Leaner and meaner - the way forward?

LEAN isn’t a target to be a achieved in itself, more a frame of mind that gets you where you want to be, argues JEZ DAVISON.

LEAN isn’t a target to be a achieved in itself, more a frame of mind that gets you where you want to be, argues JEZ DAVISON. And it’s paying off for companies on Teesside

“The beauty about lean manufacturing is its simplicity,” says Simon Bliss, project director of Billingham timber frame maker Datum.

“It breaks down processes, design and manufacture into bite-size chunks and adds tangible value to your bottom line.”

Simon can back up the clichés with impressive figures. One year after completing a programme run by the Lean Consortium – an organisation that sells lean training programmes for around £20,000 - Datum has boosted output by a whopping 30%.

So why are companies still sceptical of lean manufacturing and similar spin-offs including Six Sigma, claimed to be the fastest-growing business management system in industry?

Six Sigma uses complex statistical data to continually review and re-tune operations within a business. Almost 38% of respondents to a poll conducted by isixsigma.com claimed Six Sigma was pure hype, while a further 23.6% said they weren’t sure whether they believed in it.

While some have attributed this uncertainty to industry’s traditional wariness of fly-by-night management consultants, John Macdonald of the Lean Consortium, which, with the manufacturers’ association EEF is working with companies on Teesside, believes the real problem is a fundamental misunderstanding of lean benefits among bosses.

“People think that it’s about saving money, but it’s about adding value to the business,” he says.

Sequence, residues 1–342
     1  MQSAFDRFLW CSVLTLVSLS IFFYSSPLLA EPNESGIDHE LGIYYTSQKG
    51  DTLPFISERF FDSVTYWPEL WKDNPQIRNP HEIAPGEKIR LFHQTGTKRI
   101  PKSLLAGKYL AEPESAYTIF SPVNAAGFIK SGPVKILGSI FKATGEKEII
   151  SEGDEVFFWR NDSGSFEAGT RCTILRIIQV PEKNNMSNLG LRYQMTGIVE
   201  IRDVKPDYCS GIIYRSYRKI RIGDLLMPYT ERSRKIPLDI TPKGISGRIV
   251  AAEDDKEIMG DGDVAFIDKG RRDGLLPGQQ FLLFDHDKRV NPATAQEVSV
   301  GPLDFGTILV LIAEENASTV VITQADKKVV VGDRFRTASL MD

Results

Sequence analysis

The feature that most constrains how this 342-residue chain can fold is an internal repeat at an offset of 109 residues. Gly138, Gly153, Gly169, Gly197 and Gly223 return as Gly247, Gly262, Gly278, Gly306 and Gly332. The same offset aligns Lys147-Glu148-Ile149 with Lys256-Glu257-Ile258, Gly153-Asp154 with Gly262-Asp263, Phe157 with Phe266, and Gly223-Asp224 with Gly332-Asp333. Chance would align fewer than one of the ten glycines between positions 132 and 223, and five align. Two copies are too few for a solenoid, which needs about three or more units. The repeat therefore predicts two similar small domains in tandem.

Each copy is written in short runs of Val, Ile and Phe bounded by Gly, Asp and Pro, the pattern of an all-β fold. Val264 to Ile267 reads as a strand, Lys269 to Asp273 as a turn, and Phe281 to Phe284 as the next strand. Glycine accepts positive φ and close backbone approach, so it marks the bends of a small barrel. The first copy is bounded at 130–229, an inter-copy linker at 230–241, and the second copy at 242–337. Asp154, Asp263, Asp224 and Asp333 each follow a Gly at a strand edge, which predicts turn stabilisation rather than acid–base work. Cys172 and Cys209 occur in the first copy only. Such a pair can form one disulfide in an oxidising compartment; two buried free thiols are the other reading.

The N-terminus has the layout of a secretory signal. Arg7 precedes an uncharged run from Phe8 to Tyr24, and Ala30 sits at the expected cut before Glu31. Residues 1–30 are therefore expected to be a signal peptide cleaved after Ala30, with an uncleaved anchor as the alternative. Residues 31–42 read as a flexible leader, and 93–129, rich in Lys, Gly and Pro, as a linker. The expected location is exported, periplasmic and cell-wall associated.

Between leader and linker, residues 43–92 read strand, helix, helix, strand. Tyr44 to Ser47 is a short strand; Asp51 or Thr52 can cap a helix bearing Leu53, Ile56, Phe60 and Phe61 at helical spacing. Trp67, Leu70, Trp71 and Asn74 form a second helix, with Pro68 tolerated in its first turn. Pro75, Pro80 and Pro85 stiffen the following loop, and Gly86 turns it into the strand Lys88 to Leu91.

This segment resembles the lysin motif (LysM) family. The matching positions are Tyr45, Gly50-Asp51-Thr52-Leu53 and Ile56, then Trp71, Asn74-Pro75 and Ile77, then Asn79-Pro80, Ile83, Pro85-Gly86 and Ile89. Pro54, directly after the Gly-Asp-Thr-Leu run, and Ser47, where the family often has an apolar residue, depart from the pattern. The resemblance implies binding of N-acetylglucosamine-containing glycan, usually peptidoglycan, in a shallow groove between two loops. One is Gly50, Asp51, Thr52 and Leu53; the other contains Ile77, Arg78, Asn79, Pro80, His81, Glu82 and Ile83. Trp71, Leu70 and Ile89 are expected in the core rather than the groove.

“Also, they assume that the quickest route to efficiency is reducing headcount. Lean is focused on growing the business.”

“Teesside companies have demonstrated that it can work. Through the consortium, a window manufacturer increased capacity by 40% in two months.”

But others who have adopted the lean model say it’s a smiling assassin.

Nas Khan, MD of Stockton-based car retailer Jennings, has seen its best and worst traits. He says: “In our industry it has definitely improved supply chain efficiency and visibility. We can monitor where the vehicle is at any stage in the process, while turnaround times can be as quick as four weeks.

“Having said this, there is an argument to have an available surplus to cater for extra demand. At times we’ve had a desperate shortage of commercial vehicles.”

An incident last year ruthlessly exposed the inflexibility of the lean model, in which stock levels are regularly reduced - in some cases to zero - to save on working capital.

When an earthquake disrupted production at Riken Corporation - a supplier of piston rings - it halted production across the entire Japanese car industry. Major factories at Mazda and Honda had to stop work because there simply weren’t enough spare parts.

Critics questioned how a supposedly groundbreaking initiative - first tested in 1948 by Toyota and adopted vigorously by Nissan and its supply chain from the 1980s - could overlook the basic principle of inventory control. But despite the model’s deficiencies, Teesside firms are giving it the thumbs-up.

Kevin Maw, managing director of R W Injection Moulding in Barnard Castle, believes it allows bosses to step back from “everyday noise” and take an objective view of the business.

He says: “It’s surprising how many managers forget the basics. The trouble with common sense is that it isn’t all that common!”

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